Korean dreams no big mystery
© AFP

Mysterious, quiet, unknown, secretive - these are just some of the adjectives commonly used to describe national football teams from the northern part of the Korean peninsula. However, after being invited to take in a training session and sit down for a chat with head coach Kim Kwang-Min, FIFA.com recently found out modifiers like thoughtful, elegant, determined and humorous apply as well.

"Mysterious?" the coach laughed in mock disbelief when asked about the commonly held notion that his side are shrouded in secrecy. "Do I seem mysterious to you right now? I am talking to you very openly," he said. "I have heard this kind of talk before, but I dismiss it. Our intention is not to be quiet or mysterious, only other people say this about us. If we are maybe a little more quiet than the rest of the sides it is because we like to let our football do the talking!"

One thing is clear when watching the team from the communist state train: they are not quiet at play. Shouting orders and demanding the ball, the North Korean squad - physically smaller than most at these finals - are a whirl of positional change and elegant short passing. Upon close inspection, they look to be as technically gifted with the ball as any in the women's game. And Kim is quick to point out that their ability does not stop there.

"We like the play with the ball on the ground - everyone knows this about us," said the coach, who has brought five veterans from the last FIFA Women's World Cup here to China, including the outstanding Ri Kum-Suk. "But we have skills in other areas as well. People who assume we are a one-dimensional team are going to be surprised. We can play on the pitch, but our skill set does not end there."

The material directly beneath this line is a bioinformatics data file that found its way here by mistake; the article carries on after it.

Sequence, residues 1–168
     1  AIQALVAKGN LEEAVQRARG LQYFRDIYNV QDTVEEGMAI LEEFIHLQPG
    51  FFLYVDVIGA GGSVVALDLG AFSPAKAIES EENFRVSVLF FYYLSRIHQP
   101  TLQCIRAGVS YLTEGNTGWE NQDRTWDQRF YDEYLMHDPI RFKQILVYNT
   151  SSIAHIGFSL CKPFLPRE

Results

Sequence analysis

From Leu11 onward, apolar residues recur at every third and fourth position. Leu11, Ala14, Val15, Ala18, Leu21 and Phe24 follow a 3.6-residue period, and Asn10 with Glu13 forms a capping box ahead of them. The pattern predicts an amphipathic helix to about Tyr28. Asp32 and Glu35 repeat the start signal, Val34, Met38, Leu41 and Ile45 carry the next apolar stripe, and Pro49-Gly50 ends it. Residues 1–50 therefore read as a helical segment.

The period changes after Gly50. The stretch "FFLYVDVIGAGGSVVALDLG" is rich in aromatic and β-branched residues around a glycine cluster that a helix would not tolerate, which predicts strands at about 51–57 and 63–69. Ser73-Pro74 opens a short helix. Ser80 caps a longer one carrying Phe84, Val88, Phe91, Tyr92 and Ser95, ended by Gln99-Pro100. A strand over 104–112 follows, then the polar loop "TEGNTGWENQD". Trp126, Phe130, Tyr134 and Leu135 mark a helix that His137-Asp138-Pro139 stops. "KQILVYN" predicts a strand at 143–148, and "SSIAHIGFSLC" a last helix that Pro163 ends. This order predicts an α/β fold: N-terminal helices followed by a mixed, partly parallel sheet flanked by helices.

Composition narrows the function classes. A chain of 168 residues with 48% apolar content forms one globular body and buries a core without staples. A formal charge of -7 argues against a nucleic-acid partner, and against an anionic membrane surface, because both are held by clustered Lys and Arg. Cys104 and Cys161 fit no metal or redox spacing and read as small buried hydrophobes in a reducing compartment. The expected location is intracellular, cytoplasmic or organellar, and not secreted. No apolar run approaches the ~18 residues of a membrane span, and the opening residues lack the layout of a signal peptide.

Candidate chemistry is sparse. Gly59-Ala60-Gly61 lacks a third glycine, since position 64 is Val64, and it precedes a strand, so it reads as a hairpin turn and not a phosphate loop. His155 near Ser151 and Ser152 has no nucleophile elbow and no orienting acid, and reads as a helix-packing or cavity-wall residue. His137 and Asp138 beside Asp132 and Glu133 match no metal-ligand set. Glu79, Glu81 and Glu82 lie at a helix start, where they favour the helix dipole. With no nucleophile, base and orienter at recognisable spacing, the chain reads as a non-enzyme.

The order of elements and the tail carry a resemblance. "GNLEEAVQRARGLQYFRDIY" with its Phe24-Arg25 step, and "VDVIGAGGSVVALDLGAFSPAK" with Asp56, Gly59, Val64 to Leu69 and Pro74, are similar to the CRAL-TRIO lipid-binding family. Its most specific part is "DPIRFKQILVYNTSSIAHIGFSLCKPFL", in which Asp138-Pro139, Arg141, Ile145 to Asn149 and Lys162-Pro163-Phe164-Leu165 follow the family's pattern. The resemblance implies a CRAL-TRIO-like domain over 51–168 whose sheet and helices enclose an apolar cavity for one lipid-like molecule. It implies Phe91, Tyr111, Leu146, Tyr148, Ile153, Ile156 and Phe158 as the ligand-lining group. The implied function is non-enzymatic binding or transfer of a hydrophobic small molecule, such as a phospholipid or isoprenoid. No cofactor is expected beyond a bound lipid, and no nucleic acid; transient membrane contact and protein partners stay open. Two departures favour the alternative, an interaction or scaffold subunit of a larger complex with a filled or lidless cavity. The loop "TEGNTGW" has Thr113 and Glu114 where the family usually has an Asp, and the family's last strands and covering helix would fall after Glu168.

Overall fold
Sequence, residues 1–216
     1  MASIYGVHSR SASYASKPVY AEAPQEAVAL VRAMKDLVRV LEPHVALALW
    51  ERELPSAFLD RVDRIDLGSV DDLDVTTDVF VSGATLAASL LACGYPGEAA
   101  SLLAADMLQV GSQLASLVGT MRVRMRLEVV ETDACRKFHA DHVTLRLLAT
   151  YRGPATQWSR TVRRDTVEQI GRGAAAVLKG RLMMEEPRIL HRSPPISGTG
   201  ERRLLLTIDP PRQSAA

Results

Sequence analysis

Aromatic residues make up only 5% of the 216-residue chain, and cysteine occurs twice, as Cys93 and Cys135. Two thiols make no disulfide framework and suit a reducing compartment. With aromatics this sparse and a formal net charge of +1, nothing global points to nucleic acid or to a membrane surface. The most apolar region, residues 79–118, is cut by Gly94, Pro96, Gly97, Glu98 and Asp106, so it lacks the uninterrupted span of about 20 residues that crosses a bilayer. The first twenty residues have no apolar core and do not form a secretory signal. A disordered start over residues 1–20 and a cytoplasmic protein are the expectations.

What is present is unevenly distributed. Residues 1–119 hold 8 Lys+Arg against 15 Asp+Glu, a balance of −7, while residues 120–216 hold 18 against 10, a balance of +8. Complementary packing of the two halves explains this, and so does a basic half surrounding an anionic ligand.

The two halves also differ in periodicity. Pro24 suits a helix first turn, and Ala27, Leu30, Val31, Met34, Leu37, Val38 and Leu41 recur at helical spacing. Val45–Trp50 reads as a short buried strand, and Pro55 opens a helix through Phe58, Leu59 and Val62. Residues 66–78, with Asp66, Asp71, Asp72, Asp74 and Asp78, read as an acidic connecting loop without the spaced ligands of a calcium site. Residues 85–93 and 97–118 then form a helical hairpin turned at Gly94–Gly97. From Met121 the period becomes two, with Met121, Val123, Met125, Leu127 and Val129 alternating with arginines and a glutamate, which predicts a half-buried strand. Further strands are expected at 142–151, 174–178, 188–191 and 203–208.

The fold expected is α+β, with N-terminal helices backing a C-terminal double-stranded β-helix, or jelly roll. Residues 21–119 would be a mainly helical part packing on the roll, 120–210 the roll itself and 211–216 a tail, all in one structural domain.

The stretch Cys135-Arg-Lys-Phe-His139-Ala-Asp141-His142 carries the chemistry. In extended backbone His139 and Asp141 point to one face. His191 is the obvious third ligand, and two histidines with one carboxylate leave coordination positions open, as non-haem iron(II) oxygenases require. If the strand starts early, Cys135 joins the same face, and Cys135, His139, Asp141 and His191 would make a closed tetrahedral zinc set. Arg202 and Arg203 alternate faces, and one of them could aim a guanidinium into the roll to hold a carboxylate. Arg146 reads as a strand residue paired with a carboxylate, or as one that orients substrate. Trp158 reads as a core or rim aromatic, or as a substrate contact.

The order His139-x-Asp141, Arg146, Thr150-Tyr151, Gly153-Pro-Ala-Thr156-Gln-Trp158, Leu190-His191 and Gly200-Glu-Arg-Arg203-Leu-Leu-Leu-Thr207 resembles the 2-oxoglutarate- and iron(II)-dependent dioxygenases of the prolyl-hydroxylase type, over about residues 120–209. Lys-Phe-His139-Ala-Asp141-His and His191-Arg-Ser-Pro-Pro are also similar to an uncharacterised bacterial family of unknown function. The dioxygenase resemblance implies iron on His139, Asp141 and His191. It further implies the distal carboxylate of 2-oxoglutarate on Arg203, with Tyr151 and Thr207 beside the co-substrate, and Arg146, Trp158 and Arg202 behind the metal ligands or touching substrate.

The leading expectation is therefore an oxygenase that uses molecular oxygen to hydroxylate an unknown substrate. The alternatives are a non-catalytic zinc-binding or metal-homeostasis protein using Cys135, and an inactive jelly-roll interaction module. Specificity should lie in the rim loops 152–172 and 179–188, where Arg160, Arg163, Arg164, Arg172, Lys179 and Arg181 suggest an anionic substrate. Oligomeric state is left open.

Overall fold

First up for the Koreans, who have six players from the youth squad that swooped to win the FIFA U-20 Women's World Cup last year, is a date with favourites USA. "It is important for me to say that we are in no way afraid of a team like the US," said the coach who saw his side soundly beaten by Tuesday's opponents four years ago. "My girls will fight with all they have and I think we have the ability in the side to win if things go right. However, you can never know what is going to happen in football until after the game is over."

Korea DPR are in arguably the toughest group at this, their third FIFA Women's World Cup, alongside not just USA but the 2003 runners-up Sweden and perennial African champions Nigeria as well. However, Kim is almost predictably unimpressed. "Sure, sure, there is no doubting this a difficult group - probably the most difficult in the tournament. We know that," he said with a derisive smile. "But one of the reasons it is so difficult is because we are in it. So, that being the case, we have no fear".

It seems only one mystery surrounds the talented Koreans at this point, namely whether their technique and brilliant ball skills will be enough to claim a spot in the knockout rounds for the first time. Ask their laid-back coach and the answer is simple: "Why not?"